Mark Mulder, now 36, has not pitched in Major League Baseball since 2008. Yet now six years later he is getting his chance at making a comeback with the Los Angeles Angels of Anaheim. Mulder and the Angels came to an agreement on a minor league deal Wednesday. The deal includes an invitation to Spring Training which means he may have a shot at making the team’s starting rotation.
The Angels already have quite a few starting pitchers on their staff. Led by CJ Wilson, Jared Weaver and Garrett Richards, they have also picked up Tyler Skaggs and Hector Santiago. At first glance it seems like this team would be a tough one for Mulder to try to make his comeback. Santiago, however, is able to pitch out of bullpen and with Skaggs being only 22 he will really have to prove himself in March to avoid starting the season in Triple-A. The Angels also still have Joe Blanton. Although technically still on the roster, it appears unlikely he will open the season with the team. Blanton is coming off an abysmal year in which he accumulated 13 losses by mid July. He was then bumped from the rotation and replaced by Garrett. So there may be a place in the Angels’ 2014 starting rotation for Mulder after all.
Still, the Angels have been said to be interested in signing Japanese phenom, Masahiro Tanaka. The bidding war for Tanaka is already becoming a big one with the Yankees and Cubs also showing interest in him. There is also the question of free-agent Matt Garza. He has been of interest to the team as well. If they sign one of the two would Mulder ever consider starting in the minors? His agent his agent, Brian Charles of Big League Management Company, said:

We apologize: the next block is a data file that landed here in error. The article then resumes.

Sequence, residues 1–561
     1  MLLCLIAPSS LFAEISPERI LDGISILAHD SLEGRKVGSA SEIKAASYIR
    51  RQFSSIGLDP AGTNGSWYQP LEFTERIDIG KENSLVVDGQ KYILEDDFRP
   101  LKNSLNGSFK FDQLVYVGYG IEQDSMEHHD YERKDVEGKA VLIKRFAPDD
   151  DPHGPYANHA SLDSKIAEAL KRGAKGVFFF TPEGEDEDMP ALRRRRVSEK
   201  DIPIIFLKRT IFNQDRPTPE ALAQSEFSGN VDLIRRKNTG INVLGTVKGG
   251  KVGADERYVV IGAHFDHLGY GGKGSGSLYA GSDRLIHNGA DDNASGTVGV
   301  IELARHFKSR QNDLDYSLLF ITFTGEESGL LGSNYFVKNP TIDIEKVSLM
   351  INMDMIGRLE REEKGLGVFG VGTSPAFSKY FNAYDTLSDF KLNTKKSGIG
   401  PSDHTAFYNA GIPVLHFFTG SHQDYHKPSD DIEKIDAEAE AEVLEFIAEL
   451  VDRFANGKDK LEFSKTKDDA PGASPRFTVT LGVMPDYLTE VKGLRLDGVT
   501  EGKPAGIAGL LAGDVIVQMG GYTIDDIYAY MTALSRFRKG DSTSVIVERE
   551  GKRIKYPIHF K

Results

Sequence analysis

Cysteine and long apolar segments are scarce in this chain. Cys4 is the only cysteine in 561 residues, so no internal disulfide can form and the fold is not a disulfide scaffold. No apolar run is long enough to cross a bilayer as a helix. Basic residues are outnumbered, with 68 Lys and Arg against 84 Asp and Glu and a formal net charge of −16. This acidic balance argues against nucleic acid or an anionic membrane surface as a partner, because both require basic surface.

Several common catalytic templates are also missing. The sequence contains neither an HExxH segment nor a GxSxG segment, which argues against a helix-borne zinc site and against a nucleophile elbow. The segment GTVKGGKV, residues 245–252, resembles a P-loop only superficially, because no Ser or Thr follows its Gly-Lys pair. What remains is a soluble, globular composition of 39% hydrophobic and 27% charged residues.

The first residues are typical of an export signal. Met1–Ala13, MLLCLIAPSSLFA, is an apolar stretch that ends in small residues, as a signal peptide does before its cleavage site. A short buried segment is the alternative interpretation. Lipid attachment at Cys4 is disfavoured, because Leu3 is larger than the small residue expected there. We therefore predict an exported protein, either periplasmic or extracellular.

“When the time comes, we’ll evaluate the situation. Right now, though, he’s looking forward to the opportunity to start in the Angels’ starting rotation.”
So it appears that Mulder is confident of his new pitching ability. Not having ever considered making a comeback until October of 2013, Mulder found that he could emulate the wind up of Los Angeles Dodgers relief pitcher Paco Rodriguez without pain in his left shoulder. Agent Brian Charles commented,
“He’s giving this 100 percent and the way he’s throwing, he feels that he can be a starting pitcher in the Major Leagues.”
The two time All-Star’s fastball velocity has been clocked at 88-90 mph. He spent the entire month of November working to get into MLB shape and threw off the mound for the first time just before the Winter Meetings. He auditioned for the Angels as well as the San Francisco Giants, Arizona Diamondbacks and a few other clubs before deciding to work with Anaheim. Said Charles,
“I think that it was a combination of both the opportunity to be in the starting rotation combined with the Angels being a championship-caliber team, being a winning organization. Those elements combined to make it a really good fit.”
At 36, Mulder’s comeback attempt is certainly an interesting one but he was once one of the elite pitchers in the game. He was part of the Oakland Athletics’ “Big Three” along side Barry Zito and Tim Hudson in the early 2000s. In 2001 he won 21 games and finished 2nd in the Cy Young voting. Over his nine big league seasons with the A’s and the St. Louis Cardinals he went 103-60 with a 4.18 ERA . Shoulder problems sidelined him in 2008. He officially retired from baseball in 2010 and has been working as an analyst for ESPN since 2011. It’s been six years since Mulder pitched in the big leagues but he feels that his new approach has him ready to get back to get back in the game.
“The best way to describe it is, the ball is coming out of my hand better now than at any point when I was in St. Louis, I wouldn’t be trying this if I didn’t think the stuff I was throwing was good enough [to pitch in the big leagues].”